I meant to include the recent apparent use of live bullets, which i had to find out about on social media, and the persistent nature of dissenters’ unfulfilled economic demands, in the last comment. point being that FIFA markets itself as a nonprofit supposedly doing good, and there’s little of the necessary context given for viewers to make up our own minds while it quietly demands broad tax freedom and provokes the govt to amass gigantic police forces and use brutal violence to suppress people who it could have helped before, all for international image. my opinion is probably clear by now but i hope you see my point.

    Reply
  4. @politiquestions4 months ago

    Pew, IMHO Patrick Mullen’s reply illustrates how important it is to include informatiom about the brutal government crackdown on opposition to the World Cup and economic protests which Brazilians find related en masse. Point 5 mentions the country’s image but that’s pretty vague- the image of the govt? white Brazilians? abled? cis? college students? the poor? the rich? impossible AFAICT for an informed observer to believe such a massive and diverse country had one shared perspective- and it doesn’t explicitly address the biggest problems with the event for Brazilian dissenters. Not all of us may agree with them but we have to make these decisions knowing the context IMO.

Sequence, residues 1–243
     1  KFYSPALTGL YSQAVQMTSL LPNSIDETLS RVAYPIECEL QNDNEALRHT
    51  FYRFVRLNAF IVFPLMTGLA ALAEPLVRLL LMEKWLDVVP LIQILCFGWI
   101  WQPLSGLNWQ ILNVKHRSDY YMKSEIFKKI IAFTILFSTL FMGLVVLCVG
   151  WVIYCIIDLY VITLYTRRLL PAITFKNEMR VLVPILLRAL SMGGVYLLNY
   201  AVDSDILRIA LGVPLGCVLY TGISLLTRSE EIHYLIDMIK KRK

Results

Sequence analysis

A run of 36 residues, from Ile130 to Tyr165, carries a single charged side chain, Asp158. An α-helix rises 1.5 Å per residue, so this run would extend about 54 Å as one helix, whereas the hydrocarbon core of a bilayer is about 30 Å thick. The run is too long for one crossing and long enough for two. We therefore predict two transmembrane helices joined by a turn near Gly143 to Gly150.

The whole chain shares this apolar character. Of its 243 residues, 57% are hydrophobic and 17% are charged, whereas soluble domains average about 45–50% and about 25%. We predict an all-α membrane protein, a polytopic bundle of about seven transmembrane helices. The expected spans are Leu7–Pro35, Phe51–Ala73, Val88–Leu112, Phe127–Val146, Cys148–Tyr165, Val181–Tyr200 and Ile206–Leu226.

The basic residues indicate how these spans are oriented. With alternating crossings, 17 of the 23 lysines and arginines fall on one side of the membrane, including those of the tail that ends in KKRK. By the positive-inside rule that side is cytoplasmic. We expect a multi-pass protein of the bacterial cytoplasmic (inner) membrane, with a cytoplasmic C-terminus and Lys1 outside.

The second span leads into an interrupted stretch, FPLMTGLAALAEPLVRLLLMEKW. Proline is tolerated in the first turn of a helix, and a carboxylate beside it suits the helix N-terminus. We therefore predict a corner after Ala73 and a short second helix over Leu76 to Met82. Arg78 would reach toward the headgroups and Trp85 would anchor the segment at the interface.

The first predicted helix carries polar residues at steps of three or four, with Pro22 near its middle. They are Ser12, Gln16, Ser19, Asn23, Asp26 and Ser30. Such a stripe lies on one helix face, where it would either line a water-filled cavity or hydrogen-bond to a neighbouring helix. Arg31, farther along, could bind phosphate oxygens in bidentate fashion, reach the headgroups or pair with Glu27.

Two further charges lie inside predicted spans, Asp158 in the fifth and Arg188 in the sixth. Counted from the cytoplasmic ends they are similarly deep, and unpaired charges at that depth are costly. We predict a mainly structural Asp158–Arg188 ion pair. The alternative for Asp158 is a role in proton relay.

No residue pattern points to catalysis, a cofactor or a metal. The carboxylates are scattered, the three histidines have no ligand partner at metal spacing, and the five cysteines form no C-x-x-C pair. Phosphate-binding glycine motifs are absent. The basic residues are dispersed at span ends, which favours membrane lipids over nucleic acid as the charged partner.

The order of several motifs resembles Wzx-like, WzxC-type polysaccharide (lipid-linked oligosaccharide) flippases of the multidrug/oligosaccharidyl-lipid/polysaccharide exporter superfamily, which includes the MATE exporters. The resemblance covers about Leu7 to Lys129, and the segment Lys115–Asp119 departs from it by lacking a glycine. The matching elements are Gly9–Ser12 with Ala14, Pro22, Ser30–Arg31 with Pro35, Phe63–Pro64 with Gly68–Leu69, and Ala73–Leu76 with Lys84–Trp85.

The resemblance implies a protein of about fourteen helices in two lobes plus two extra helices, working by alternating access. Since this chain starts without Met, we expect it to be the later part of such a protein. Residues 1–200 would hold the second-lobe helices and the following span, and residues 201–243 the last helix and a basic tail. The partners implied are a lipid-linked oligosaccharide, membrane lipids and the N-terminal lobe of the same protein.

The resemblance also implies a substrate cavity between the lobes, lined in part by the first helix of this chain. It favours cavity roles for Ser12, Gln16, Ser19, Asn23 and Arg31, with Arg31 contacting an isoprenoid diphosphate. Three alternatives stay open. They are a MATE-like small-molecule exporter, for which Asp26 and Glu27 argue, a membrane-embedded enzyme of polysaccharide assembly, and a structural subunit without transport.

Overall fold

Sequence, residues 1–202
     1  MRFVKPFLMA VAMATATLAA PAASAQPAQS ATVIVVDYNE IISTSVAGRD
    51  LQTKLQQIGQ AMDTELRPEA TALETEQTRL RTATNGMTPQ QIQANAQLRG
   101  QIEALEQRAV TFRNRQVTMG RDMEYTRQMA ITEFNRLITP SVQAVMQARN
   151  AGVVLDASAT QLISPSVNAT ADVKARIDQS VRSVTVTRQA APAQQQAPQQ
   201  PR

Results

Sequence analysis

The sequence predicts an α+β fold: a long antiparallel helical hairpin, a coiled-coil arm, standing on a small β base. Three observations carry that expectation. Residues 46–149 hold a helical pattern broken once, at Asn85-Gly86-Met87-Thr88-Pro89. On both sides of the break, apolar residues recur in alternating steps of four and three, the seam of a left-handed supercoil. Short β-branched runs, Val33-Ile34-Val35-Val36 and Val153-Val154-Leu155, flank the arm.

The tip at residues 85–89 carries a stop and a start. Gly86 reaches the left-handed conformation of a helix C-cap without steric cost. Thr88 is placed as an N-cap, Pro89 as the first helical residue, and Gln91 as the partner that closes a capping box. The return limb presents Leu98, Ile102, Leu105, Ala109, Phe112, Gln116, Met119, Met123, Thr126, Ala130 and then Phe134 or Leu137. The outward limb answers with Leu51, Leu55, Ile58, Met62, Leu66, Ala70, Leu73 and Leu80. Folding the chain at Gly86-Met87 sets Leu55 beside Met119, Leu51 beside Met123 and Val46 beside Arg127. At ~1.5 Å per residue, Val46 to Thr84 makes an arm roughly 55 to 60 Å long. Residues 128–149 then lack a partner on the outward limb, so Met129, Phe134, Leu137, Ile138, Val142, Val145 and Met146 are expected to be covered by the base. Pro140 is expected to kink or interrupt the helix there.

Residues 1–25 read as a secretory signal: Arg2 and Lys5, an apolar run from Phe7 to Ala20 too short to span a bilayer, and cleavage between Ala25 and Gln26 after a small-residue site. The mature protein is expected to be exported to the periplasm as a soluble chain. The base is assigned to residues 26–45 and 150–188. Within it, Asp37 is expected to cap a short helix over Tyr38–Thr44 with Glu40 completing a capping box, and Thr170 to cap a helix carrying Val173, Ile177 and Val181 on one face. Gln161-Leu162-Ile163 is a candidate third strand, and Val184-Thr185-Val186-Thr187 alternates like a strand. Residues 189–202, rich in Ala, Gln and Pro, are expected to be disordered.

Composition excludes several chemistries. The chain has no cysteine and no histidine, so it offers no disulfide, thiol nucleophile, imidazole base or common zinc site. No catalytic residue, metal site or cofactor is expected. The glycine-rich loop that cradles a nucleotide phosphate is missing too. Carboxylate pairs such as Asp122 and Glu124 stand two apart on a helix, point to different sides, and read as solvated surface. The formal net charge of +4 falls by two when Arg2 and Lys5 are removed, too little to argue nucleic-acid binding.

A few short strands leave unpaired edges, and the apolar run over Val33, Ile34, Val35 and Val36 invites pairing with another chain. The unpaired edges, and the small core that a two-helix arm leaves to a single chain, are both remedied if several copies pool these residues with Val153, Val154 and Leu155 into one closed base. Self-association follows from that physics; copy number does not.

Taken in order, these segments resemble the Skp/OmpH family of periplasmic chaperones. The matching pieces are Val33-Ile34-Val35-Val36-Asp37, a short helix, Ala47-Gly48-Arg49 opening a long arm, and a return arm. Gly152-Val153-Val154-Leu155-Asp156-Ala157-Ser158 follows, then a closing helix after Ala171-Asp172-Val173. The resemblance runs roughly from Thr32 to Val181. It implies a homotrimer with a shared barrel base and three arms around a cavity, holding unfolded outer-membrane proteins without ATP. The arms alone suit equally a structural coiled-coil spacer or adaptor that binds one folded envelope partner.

You might say “that’s not a TV/media issue” but i would fervently disagree in that case. the fact that brutal police militarization including raiding favelas for people who did nothing illegal except live in makeshift housing due to their economic situation is a TV/media issue when it’s covered only in scant fashion in most venues and the Cup is discussed and portrayed on sports channels as if totally welcome in Brazil, i.e. Univision substituting a computer animation of a smiling brown-skinned boy who represents the country being exuberant about the games. That this is the dominant image and needs to go largely unspoken (or presented as if utterly obvious) say a lot about viewers and the nature of our demand IMO. Since Brazilians have not called for a boycott, it’s especially important for others to understand the context it is being played in, knowledge which is, AIUI, obscured on ESPN as on Univision and here.

    Any thoughts/reaction from Michael or the organization?

    Reply
    1. Michael Lipka4 months ago

      Thanks for your comment. This post was meant to look at the global audience for the World Cup. We also recently surveyed Brazilians on a variety of questions, and you can read a detailed report about the findings here: pewglobal.org/2014/06/03/brazili…

      In addition, surveys in many other countries asked about views of Brazil:
      pewglobal.org/2014/06/11/on-eve-…

      Michael Lipka

      Reply
  5. Manisha Bomzan5 months ago

    España siente decepcionado a sus fans en el mundial.

    Reply
  6. patrick mullen5 months ago

    wait, elections better than football ???!!!!!!!!

    CRA Z!!!!!!!!

    Reply
    1. jj4 months ago

      España decepcionó al mundo, merecen algum tipo de castigo por su pesima actuacion.

      Reply
  7. patrick mullen5 months ago

    thanks alot, i am doing a school report on this stuff and your report really helped me out!!!

    i bet i will be the only person in my class with this much info!

    thanks again1

    Reply